4.3 Personal contribution

Personally, as a young lawyer, I share the view that we need to take swift and vigilant action against corruption, a prominent and growing threat to the rule of law. Corruption and lack of transparency can result in serious rule of law deficiencies, such as clouding the independence of the judiciary, enable third parties to affect the law-making process on their favour, or even diminishing the equal and complete enjoyment of fundamental rights and civil liberties.

This is the reason why I chose to devote my working experience and my academic capacity to the battle against this modern age Hydra, by participating in the Research Institute for Transparency, Corruption and Financial Crime of the Aristotle’s University of Thessaloniki Law Faculty. The Institute’s primary goal is to contribute to the planning of Greece’s institutional reconstruction towards increased transparency and more effectively addressing corruption and financial crime, based on the rule of law. For this purpose, the Institute develops activities that promote these objectives in practice and enhance awareness among State authorities as well as within civil society on the importance of the matter. These activities constitute organisation of information days, workshops and academic conventions which address, where appropriate, either an academic audience or a wider portion of the civil society. By these means, the Institute aims to inform the public and raise awareness for new developments on this crucial matter and promote grassroot dialogue wand exchange of views among the legal community. Moreover, the Institute conducts academic research, which leads not only to the publication of articles in well-known scientific publications. More importantly, it produces institutional interventions that aim to affect the legislative framework and the much needed and the urgency of the situation, while simultaneously promotes the rule of law and respects fundamental rights and civil liberties. A tightrope walker’s exercise for sure, but not an impossible one.


5. Conclusion

The advancement and proper function of the rule of law is essential for exercising fundamental human rights and civil liberties and to fully enjoy the advantages of a constitutional democracy. This is why it is every citizen’s duty to defend the rule of law from is defecting factors, while helping in the further advancing and development of the rule of law. Law students and young lawyers, due to their field of expertise, should be at the forefront of this battle, by educating themselves and the general public. In addition, young lawyers should set out an example by acting out to abolish rule of law deficiencies and advance the rule of law through the way they exercise their profession.



[1]Treaty on European Union (Consolidated Version), Treaty of Maastricht, art. 2

[2]Communication from the Commission to the European Parliament and the Council, A new EU Framework to strengthen the Rule of Law [COM(2014) 158 final], p.4

[3]Communication from the Commission to the European Parliament and the Council, A new EU Framework to strengthen the Rule of Law [COM(2014) 158 final], p.4

[4]Communication from the Commission to the European Parliament and the Council, A new EU Framework to strengthen the Rule of Law [COM(2014) 158 final], p.4, Communication from the Commission to the European Parliament and the Council – Further strengthening the Rule of Law within the Union State of play and possible new steps [COM(2019) 163 final], p.1, European Economic and Social Committee, Opinion(SOC/627) chap. 3.4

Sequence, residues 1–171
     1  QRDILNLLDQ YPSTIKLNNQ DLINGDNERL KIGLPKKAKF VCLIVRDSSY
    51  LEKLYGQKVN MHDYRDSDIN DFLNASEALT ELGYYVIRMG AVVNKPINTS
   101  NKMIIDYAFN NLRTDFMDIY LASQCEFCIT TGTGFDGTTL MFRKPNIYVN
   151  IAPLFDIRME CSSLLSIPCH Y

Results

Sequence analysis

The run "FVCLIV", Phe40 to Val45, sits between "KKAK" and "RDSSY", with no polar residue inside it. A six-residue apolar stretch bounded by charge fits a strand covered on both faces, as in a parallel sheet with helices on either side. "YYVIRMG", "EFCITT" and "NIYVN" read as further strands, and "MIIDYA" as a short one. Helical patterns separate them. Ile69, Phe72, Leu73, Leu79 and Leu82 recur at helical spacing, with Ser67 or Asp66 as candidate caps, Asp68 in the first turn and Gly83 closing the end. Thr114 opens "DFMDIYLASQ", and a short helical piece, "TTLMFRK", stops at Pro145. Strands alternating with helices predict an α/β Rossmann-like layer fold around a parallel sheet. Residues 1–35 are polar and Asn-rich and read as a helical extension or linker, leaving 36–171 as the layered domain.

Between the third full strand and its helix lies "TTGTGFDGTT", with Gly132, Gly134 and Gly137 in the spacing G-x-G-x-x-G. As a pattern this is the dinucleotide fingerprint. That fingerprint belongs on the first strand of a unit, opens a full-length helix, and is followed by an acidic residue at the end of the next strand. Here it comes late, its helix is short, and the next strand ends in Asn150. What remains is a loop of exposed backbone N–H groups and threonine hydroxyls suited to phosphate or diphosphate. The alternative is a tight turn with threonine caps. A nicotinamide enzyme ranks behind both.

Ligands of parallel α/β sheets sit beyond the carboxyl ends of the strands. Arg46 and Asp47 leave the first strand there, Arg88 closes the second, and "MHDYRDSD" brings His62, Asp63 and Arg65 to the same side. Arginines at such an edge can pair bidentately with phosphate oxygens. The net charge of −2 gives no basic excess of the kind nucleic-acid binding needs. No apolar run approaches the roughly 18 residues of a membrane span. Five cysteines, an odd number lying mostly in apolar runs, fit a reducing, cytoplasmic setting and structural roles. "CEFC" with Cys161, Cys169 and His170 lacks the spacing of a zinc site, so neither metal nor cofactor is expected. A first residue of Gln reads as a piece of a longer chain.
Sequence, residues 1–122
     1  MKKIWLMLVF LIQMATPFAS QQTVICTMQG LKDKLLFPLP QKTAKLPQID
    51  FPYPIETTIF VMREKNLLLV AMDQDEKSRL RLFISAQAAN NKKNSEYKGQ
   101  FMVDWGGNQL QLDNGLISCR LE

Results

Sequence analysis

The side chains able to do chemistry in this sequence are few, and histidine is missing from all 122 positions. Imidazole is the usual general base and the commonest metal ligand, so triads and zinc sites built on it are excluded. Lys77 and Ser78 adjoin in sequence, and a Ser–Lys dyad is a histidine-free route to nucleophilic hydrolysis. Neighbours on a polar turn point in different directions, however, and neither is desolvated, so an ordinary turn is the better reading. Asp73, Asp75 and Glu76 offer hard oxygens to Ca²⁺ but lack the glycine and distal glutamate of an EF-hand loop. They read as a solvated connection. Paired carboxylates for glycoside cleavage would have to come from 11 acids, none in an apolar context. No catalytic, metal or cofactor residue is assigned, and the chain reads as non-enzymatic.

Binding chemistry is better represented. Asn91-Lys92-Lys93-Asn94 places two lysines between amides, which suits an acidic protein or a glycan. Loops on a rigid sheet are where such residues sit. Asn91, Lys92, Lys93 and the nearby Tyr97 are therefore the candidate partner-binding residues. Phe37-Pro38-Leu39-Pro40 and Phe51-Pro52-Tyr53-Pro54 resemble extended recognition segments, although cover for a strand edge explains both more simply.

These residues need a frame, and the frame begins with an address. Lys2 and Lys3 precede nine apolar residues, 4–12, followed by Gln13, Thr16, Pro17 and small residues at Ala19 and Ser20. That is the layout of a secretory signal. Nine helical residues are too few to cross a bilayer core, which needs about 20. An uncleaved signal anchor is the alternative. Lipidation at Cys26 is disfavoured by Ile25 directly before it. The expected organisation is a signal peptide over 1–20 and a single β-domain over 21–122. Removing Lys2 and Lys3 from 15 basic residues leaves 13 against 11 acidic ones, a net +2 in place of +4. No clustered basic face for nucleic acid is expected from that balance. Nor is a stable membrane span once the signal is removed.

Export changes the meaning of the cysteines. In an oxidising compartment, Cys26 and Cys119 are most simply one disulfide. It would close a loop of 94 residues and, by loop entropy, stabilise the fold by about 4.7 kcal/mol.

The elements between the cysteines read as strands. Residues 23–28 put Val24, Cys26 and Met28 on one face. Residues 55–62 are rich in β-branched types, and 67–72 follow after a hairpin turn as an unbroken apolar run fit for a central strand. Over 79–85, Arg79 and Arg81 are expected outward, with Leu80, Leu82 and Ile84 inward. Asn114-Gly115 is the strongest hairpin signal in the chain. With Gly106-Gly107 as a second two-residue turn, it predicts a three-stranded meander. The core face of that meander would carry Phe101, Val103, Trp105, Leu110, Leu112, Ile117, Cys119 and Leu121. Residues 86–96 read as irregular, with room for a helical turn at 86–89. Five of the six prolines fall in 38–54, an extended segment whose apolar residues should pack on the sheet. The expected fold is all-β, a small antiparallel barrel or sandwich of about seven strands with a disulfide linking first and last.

[5]Communication from the Commission to the European Parliament and the Council – Further strengthening the Rule of Law within the Union State of play and possible new steps [COM(2019) 163 final], p.2

[6]Case C-216/18 PPU, ECHR, 25 July 2018

[7]In particular, the Grand Chamber of the ECJ ruled that, when a national judge establishes that systemic or generalised deficiencies with the rule of law exist in the issuing member State, and these deficiencies are threatening the fundamental right to a fair trial of the accused, the national judge is not bound by the European Arrest Warrant and can refuse the extradition of the plaintiff.

[8]Communication from the Commission to the European Parliament and the Council – Further strengthening the Rule of Law within the Union State of play and possible new steps [COM(2019) 163 final], p.2

[9]It is important to note that the European Union is well aware of the ongoing and graduating threat that corruption based Rule of law deficiencies pose to the Union’s budget. This lead to a Commission proposal for a Regulation on the protection of the Union’s budget in case of generalised deficiencies as regards to the rule of law in the Member States in 2018 and the recent establishment of the European Public Prosecutor’s Office.

[10]European Commission for Democracy through Law (Venice Commission), Report on the Rule of Law[CDL-AD(2011)003rev], p.13

[11]The Rule of Law, 66 Cambridge L.J. 67 (2007), p. 69

[12]The Rule of Law, 66 Cambridge L.J. 67 (2007) p. 69-84

[13]Communication from the Commission to the European Parliament and the Council, A new EU Framework to strengthen the Rule of Law [COM(2014) 158 final], p. 4

[14]The ‘LexisNexis rule of law equation’ can be found at https://www.lexisnexis.com/en-us/rule-of-law/default.page

[15]The access to effective legal remedy is set out in article 20 par.1 of the Greek constitution

[16]As set out above, the ‘Access to effective legal remedy for all’ is one of the four elements of the ‘LexisNexis rule of law equation’, which can be found at https://www.lexisnexis.com/en-us/rule-of-law/default.page

Vice President in charge of Academic Activities